Ali Daqmeesh raises the number of children casualties in Aleppo city and its countryside to 100
The Syrian Observatory for Human Rights received information about the death of the child Ali Daqmeesh who is the brother of Omran Daqmeesh who was turned to a public opinion case, where several intersecting sources confirmed to the activists of the Observatory that the child Ali died affected by the wound he had when the warplanes bombed al-Qaterji neighborhood in Aleppo city 3 days ago, which back then killed 4 civilians and wounded several others, rising to 448 civilians, including 100 children under the age of eighteen and 55 citizen women over the age of 18, the number of people who the Syrian Observatory for human rights managed to document since the 31st of July until today the 20th of August 2016, and they are::
163 civilian casualties, including 27 children and 14 citizen woman killed by bombing of warplane and helicopters on the neighborhoods of Aleppo city, and 6 citizens killed in shelling by the regime forces on areas in the eastern neighborhoods of Aleppo city controlled by factions, and 163 civilians casualties, including 49 children and 23 citizen women, they were killed when shells launched by factions landed on regime forces’ controlled areas in Aleppo city, as well as two citizens (one of them is a woman) killed in shelling by the factions on areas at Sheikh Maqsood neighborhood which is controlled by YPG in Aleppo city.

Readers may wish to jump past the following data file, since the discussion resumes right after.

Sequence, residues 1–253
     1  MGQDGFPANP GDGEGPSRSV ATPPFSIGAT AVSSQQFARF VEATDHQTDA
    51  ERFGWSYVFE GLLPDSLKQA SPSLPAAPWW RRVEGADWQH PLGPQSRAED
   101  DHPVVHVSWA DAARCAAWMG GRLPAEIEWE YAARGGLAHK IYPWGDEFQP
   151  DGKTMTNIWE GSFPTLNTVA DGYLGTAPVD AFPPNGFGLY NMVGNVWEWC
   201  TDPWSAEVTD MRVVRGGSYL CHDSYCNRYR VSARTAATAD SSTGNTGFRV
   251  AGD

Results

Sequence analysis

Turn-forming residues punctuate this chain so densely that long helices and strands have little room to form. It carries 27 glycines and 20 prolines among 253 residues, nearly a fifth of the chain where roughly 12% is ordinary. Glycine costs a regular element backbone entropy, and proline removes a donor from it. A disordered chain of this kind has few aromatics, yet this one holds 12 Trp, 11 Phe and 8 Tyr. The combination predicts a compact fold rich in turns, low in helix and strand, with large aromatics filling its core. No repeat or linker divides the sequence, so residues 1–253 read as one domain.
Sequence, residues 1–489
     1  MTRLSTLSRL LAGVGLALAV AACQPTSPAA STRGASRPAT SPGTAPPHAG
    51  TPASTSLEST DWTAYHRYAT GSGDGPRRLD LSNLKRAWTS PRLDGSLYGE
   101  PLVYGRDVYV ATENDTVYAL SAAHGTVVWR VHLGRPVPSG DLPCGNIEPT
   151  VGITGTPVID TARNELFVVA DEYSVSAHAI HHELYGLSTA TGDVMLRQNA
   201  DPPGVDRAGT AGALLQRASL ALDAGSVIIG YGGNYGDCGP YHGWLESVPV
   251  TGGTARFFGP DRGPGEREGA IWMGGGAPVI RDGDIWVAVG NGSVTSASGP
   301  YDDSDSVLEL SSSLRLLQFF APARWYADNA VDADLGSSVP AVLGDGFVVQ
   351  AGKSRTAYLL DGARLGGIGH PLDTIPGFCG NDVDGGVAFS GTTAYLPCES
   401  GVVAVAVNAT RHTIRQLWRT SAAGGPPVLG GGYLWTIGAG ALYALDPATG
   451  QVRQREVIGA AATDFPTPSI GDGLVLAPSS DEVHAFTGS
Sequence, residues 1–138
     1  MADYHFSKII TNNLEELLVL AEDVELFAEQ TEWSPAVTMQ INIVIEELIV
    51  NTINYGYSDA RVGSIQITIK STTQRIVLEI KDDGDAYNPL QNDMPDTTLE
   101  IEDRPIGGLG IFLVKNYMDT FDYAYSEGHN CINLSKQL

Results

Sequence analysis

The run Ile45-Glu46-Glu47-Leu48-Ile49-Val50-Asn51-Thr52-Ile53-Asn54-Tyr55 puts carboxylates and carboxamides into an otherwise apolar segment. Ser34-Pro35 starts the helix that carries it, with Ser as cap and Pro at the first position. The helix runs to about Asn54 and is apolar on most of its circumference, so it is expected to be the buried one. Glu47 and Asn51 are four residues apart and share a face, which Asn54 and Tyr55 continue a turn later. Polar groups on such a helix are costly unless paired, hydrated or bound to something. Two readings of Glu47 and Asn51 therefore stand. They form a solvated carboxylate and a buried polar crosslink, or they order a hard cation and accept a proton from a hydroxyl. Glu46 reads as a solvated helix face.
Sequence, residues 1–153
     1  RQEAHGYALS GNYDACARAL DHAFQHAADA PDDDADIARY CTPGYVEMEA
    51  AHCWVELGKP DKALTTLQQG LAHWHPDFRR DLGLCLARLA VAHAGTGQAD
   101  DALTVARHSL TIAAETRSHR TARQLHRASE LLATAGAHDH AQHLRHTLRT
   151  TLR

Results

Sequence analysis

The Observatory also documented in the same period the death of 113 civilians citizen, including 24 children and 17 citizen women by the bombing of warplane and helicopters on several areas at western, southern and northern countryside of Aleppo, in addition to the death of a man by a sniper shot at the road of Aleppo – Afrin, and Kurdish activists accused the factions of shooting and killing him.
Also the regime’s air and missile strikes, the raids of the Russian warplanes and the fall of shells on Aleppo’s neighborhoods and countryside, have wounded hundreds of people; some of them are still critical situations.